The Home Office recently published its response to the response to its consultation on reform of the Equality and Human Rights Commission. Here are 10 things people should note regarding the Government’s plans:
The government's plans fundamentally change the nature and purpose of the Commission.
By repealing section 3 of the Equality Act 2006 the Commission will cease to be agent of social change harnessing the law and its powers to address entrenched inequalities. Instead (insofar as its equality mandate is concerned) it will be a body largely limited to enforcing anti-discrimination law. As a consequence, where now the EHRC is empowered to determine measures of Britain's progress towards equality and human rights and the outcomes towards which it will focus its resources, in future government will do so. Yet the government dismisses section 3 as serving no legal purpose.
Separately, the government has announced it plans to review the Public
Sector Equality Duty. With the changes proposed to the Commission and with a
further weakened (or repealed) PSED, both the law and the role of the
Commission risk being returned to the failed model of compensation for
individual victims of past discrimination which existed before the Stephen
Lawrence Inquiry. This model not only failed to tackle the institutional
causes of discrimination and inequality which Lord McPherson identified as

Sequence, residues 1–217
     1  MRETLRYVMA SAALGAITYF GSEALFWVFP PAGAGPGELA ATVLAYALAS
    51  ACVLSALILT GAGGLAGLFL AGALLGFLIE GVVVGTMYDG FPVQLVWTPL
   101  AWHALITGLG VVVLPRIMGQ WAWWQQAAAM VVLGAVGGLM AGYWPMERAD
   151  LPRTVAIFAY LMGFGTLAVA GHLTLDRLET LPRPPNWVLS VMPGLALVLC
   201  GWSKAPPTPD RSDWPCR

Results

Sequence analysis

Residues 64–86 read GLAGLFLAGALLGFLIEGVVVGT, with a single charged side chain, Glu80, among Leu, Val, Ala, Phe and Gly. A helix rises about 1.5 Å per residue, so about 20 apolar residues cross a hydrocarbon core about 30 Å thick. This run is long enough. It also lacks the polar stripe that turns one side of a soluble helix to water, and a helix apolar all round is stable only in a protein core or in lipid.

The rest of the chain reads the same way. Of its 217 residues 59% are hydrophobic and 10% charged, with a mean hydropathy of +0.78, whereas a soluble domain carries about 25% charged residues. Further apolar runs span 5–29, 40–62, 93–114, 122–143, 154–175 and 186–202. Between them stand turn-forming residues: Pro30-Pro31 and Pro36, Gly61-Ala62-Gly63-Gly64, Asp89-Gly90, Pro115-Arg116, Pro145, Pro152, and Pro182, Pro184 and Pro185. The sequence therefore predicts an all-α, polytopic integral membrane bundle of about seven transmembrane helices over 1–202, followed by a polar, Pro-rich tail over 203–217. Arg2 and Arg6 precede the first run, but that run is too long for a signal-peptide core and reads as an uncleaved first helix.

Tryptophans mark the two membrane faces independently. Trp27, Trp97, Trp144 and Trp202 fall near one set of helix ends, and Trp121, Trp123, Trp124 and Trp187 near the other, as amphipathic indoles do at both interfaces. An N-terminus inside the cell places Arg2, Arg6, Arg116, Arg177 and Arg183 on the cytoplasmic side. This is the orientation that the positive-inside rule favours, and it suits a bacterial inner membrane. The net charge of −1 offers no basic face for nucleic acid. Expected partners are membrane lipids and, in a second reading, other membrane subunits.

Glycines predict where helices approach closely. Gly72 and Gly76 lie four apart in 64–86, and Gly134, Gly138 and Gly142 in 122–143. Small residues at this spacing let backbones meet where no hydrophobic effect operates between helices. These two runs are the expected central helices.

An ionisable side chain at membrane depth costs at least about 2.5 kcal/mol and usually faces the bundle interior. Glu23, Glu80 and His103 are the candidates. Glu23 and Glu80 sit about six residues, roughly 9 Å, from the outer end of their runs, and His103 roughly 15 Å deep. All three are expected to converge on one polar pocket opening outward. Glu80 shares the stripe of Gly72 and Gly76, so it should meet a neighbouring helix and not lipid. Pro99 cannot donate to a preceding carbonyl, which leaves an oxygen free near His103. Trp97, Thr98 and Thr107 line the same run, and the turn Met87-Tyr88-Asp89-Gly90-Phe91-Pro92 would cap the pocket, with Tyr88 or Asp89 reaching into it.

having contributed to the bungled investigation into Stephen's murder, it
provided extremely poor value for money and seems at odds the government’s
stated aims of reducing red-tape and averting a ‘compensation culture’.
Business and public authorities will become self-regulating.
Government wants those close to duty-holders such as employers and service providers to produce guidance on the law because it says the Commission's responsibility to 'promote' equality prevents it from being impartial, neutral and pragmatic and therefore ill-suited to doing so. It does not clarify why it considers those close to duty-holders to be more neutral, impartial or capable of a pragmatism than the Commission. Unlike such organisations, the Commission is required by law to consult all stakeholders in relation to statutory guidance - this is to ensure neutrality, impartiality and proportionality. It is interesting then that the government appears to have blocked publication of statutory Codes of Practice relating to the Equality Act 2010 duties relating to education and to the public sector equality duty.
Despite saying in the document that the Commission is not and will not
be a regulator, the government still seems intent to subject the Commission to
the Hampton Principles for good regulation. This includes the principle that 'regulators
should provide authoritative, accessible advice easily and cheaply' something
the Commission will no longer be permitted to do, or in a position to in the